Taking this approach to the field has the side benefit of keeping questions about U.S. intellectual history relevant to present-day problems. Esoteric explorations ought, of course, still take place, but using the present to guide inquiries into the past will keep the discipline fresh to today’s readers.
The question of why “U.S.” intellectual history also involves humility and another bit of chastening for the discipline. All too often the term ‘American’ is misused to identify the field, giving works of “American Intellectual History” more geographical significance than they actually have. No so-called work of “American Intellectual History” should convey the sense, unintentional or no, that it might in any way speak generally for all peoples of North, Latin, or South America. Of course U.S. history involves colonialism, and the phrase “U.S. Intellectual History” is not meant to exclude that period of study: all activities aimed at the formation of the United States are significant to its intellectual history. But in the end, the notion of “U.S. intellectual history” gives more definition and identity to the discipline.
If we can consider the “why U.S.” topical aspect of the question answered, what of the state of the field here in the United States. Historians of U.S. intellectual life must have a sense of best practices, errors, interdisciplinary methods, and important topics in the field. This sense must be available to aspirants in the United States. This knowledge can only be gained by associating and conferring with those “in the know.” That learning and those conversations can only take place if the field has a sense of identity. I fear that without some sort of superstructure or gathering place, the lessons learned by senior historians will become lessons lost.
With these thoughts on identity in mind, all aimed at defining and carving out a distinct place for the field, I argue that U.S. intellectual history – not just intellectual history in general – can be a potentially vibrant and relevant historical sub discipline. More adherents might also result in more quality works about the thought of all U.S. denizens. If the field takes it upon itself to foster a distinct identity, perhaps it can then help promote the overall intellectual life of the U.S.? Few at home or abroad would complain about that.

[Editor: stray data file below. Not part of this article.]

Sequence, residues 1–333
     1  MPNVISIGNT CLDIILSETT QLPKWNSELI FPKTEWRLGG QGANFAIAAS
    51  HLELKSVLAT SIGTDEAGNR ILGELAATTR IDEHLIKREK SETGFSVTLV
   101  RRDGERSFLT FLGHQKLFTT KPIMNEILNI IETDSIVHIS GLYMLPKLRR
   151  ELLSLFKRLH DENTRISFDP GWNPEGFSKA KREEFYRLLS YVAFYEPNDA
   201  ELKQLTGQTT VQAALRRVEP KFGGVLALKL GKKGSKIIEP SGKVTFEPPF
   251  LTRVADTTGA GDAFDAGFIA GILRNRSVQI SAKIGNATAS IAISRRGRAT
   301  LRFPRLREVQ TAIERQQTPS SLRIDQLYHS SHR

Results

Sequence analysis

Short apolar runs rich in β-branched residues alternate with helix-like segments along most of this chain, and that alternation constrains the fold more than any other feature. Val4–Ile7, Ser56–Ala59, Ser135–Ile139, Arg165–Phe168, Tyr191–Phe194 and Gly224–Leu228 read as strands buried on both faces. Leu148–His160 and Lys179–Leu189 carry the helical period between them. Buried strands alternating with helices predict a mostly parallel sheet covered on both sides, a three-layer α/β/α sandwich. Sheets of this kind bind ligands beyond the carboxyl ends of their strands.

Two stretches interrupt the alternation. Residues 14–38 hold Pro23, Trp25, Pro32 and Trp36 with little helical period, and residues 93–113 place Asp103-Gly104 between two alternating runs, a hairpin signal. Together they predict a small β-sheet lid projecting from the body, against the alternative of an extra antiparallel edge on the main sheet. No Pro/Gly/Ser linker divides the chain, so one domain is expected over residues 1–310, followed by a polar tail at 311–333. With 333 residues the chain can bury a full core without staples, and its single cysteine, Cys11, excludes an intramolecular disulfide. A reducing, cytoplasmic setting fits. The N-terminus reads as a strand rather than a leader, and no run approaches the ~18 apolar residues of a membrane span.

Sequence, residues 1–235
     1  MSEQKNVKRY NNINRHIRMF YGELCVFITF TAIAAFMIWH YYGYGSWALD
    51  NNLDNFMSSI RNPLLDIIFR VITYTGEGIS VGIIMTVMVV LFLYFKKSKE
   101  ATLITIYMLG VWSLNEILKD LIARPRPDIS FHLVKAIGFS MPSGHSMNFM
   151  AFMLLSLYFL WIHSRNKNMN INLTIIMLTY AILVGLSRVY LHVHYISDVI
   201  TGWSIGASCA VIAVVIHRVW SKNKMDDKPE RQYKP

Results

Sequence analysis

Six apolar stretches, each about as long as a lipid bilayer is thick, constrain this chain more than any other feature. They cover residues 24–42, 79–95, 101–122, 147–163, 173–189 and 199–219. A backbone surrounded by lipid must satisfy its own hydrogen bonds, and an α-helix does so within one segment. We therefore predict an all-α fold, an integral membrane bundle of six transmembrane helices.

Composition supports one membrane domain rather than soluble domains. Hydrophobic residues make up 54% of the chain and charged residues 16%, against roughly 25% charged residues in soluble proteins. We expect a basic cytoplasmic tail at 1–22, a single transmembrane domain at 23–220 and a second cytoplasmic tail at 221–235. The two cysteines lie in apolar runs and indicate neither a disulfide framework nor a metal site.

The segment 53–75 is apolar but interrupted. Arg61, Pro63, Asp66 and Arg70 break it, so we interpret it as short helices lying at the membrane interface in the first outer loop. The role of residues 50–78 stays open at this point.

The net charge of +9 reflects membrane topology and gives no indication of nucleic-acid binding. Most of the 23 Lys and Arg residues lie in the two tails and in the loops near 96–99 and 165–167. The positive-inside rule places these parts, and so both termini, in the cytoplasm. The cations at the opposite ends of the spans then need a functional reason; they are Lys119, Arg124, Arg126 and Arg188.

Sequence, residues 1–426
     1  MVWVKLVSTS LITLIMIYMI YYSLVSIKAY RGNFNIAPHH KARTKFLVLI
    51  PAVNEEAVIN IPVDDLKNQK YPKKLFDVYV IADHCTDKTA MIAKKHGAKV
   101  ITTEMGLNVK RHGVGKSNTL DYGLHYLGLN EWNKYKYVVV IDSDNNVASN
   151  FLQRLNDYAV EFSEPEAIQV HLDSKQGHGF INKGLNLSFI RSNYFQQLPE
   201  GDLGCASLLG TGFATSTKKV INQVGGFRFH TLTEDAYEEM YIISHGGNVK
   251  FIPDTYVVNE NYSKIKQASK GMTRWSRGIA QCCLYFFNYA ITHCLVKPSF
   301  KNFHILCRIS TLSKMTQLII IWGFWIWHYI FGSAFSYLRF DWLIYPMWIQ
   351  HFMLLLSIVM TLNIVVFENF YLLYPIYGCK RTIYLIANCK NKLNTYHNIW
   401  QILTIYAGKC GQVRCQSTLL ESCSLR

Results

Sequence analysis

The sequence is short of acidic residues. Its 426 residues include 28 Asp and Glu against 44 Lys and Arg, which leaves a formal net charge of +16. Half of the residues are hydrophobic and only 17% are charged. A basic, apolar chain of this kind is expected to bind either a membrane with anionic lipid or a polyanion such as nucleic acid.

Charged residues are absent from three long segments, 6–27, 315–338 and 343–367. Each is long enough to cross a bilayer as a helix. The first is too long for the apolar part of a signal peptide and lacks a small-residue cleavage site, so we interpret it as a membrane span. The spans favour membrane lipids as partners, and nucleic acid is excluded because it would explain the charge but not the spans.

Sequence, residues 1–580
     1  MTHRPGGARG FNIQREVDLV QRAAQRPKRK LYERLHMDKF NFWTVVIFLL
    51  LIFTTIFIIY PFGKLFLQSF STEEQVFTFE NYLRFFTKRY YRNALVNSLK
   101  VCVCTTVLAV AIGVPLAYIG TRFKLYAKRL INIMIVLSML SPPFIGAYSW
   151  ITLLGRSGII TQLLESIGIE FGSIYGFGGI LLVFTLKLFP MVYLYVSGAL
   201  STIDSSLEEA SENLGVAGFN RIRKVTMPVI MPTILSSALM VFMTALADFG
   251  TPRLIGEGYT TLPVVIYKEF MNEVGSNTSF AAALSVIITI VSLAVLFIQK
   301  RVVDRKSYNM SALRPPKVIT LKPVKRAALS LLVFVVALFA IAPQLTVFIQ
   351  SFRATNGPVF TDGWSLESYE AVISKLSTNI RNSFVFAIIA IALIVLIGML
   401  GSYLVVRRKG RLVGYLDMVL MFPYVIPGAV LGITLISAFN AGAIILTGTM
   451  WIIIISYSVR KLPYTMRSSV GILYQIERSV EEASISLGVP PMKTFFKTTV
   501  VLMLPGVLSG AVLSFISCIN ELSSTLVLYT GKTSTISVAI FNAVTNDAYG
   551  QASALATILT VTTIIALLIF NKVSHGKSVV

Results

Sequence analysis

Comments are welcome.
[I have benefited from the suggestions and criticisms of H-Ideas editor Neil Brody Miller, as well as my colleagues at the U.S. Intellectual History (USIH) web log, including Paul Anderson, Andrew Hartman, Paul Murphy, Mike O’Connor, Joe Petrulionis, Sylwester Ratowt, and John Thomas Scott. But no matter any assistance received, I take sole responsibility for the content of this post. – TL]
 Tim Lacy, “U.S. Intellectual History: A Call To Action,” History and Education: Past and Present web log, January 17, 2007. Available here.
 Michael Denning, The Cultural Front: The Laboring of American Culture in the Twentieth Century (New York: Verso, 1997).
 Cornel West, The American Evasion of Philosophy (Madison: University of Wisconsin Press, 1989).
 John Higham and Paul K. Conkin, eds., New Directions in American Intellectual History (Baltimore: Johns Hopkins University Press, 1979); Thomas Bender, New York Intellect (Baltimore: Johns Hopkins University Press, 1987).
 Dominck La Capra, History in Transit: Experience, Identity, Critical Theory (Ithaca, NY: Cornell University Press, 2004).
 Tim Lacy, “John C. Greene’s ‘Objectives and Methods in Intellectual History:’ A 50-Year Retrospective Review And Comment,” U.S. Intellectual History web log, February 21, 2007. Available here.